Smokers Feel More Pain Than Non-Smokers
Among 90 women who underwent a total abdominal hysterectomy, those who smoked needed 33 percent more anesthesia throughout their operation than did non-smokers; meanwhile, passive smokers required 20 percent more anesthesia. Cigarette users also needed 23 percent more prescription painkillers than non-smokers to experience the same level of effectiveness.
Researchers said doctors and anesthesiologists should factor smoking into their decisions, while people who smoke should weigh yet another cost of their addiction.
The Oxford Journal on Rheumatology hypothesizes that the reason for a higher of incidence of back pain amongst those that smoke is that smoking leads to malnutrition of discs, which in turn become more brittle and vulnerable to stress. Nicotine constricts blood vessels (known as nicotine-induced vasoconstriction), and can potentially cause changes to interior arterial walls and blood flow. More efficient blood flow may be the reason why the anti-smoking crowd has less back pain.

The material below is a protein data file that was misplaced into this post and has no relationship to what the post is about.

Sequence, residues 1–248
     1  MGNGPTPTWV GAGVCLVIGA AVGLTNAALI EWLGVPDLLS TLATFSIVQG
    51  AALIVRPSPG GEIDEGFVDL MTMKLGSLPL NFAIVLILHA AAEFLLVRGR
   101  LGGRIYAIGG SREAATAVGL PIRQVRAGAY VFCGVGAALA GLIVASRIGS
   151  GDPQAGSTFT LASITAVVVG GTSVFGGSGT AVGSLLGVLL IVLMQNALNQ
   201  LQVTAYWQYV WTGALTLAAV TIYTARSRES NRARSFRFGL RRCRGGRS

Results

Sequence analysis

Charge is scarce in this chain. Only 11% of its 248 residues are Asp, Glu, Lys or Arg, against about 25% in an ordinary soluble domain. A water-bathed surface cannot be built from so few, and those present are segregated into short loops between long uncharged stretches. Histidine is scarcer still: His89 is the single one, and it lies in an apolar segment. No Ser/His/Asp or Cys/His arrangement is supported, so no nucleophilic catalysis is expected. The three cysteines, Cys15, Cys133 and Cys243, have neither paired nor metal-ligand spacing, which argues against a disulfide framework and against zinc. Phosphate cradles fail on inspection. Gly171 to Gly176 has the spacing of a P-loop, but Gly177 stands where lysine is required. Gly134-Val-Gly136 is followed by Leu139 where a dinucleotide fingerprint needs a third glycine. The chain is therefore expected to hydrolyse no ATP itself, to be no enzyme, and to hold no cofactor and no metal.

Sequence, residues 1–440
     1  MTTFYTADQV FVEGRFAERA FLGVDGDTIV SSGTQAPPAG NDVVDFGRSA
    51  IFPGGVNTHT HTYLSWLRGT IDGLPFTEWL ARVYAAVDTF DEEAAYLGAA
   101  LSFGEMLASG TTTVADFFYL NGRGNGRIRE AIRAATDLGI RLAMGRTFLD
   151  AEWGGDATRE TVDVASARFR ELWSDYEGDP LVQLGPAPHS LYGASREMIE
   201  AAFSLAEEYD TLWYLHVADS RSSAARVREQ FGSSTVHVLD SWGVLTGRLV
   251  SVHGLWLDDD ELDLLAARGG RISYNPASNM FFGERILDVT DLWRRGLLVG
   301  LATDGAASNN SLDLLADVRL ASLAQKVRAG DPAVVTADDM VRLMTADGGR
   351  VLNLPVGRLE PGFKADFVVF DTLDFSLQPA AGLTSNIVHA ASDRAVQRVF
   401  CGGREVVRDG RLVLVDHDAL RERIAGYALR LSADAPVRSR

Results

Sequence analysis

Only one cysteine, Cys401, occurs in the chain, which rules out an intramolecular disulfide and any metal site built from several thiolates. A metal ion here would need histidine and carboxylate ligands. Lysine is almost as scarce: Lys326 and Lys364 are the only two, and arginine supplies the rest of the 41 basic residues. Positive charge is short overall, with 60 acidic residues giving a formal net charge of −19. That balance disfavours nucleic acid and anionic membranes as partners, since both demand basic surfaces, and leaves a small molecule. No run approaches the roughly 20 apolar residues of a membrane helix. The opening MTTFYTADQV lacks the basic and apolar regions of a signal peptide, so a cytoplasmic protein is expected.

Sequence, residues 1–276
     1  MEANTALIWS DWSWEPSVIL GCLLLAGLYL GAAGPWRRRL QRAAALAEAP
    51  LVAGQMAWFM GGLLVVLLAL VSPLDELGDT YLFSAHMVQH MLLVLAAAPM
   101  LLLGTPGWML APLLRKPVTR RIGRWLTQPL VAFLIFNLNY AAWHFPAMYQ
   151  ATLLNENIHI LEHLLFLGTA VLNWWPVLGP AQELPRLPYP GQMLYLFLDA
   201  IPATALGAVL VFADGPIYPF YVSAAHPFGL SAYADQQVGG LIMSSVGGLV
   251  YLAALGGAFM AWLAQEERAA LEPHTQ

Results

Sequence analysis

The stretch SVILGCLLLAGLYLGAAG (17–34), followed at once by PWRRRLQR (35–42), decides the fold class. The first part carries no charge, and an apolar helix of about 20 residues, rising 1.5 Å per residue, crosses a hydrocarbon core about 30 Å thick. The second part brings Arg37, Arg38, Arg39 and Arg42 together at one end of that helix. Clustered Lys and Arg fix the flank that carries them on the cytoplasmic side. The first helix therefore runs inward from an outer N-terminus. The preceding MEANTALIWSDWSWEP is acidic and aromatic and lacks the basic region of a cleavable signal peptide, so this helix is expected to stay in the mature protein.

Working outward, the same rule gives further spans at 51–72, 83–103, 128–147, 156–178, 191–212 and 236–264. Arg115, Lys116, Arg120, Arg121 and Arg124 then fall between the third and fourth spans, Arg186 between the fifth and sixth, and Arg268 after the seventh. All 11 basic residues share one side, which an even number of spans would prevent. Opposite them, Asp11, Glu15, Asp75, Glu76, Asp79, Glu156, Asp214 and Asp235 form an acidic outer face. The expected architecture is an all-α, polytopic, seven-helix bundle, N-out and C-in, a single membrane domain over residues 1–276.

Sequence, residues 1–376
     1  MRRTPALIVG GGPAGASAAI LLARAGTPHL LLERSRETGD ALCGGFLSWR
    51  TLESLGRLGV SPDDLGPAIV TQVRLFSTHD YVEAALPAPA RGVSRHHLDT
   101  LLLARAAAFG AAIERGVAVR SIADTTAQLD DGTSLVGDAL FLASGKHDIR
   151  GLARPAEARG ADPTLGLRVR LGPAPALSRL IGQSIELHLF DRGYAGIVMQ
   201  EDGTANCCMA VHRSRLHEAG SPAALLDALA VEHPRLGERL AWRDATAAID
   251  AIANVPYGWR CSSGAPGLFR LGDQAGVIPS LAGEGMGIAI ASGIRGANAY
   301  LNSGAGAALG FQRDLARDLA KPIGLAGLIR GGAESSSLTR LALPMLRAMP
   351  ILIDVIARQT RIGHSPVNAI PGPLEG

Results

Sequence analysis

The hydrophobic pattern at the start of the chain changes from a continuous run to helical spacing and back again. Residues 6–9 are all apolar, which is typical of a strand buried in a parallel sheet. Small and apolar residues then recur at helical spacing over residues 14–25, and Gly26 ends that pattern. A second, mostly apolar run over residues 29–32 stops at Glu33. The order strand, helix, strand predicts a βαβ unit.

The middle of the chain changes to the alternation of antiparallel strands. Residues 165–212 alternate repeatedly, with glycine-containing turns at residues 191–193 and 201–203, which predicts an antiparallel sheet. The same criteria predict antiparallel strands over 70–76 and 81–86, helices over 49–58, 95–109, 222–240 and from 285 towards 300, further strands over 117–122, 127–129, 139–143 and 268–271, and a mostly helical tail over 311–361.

A study of 3,222 people who smoke and people that do not, conducted by the Division of Clinical Epidemiology in Montreal, Canada concluded that smokers have more frequent episodes of back pain than non-smokers, providing further evidence that quitting smoking is an important consideration for back pain sufferers.
Physicians also link smoking with fatigue and slower healing, factors that make painful conditions more prominent. Researchers are exploring even more physiological reasons why smoking makes people with fibromyalgia, arthritis and other chronic pain hurt more.
Taking steps to quit smoking can lead to overall better health and well-being. Those who have quit smoking have reported having more energy, more positive mental states, and less aches and pains overall.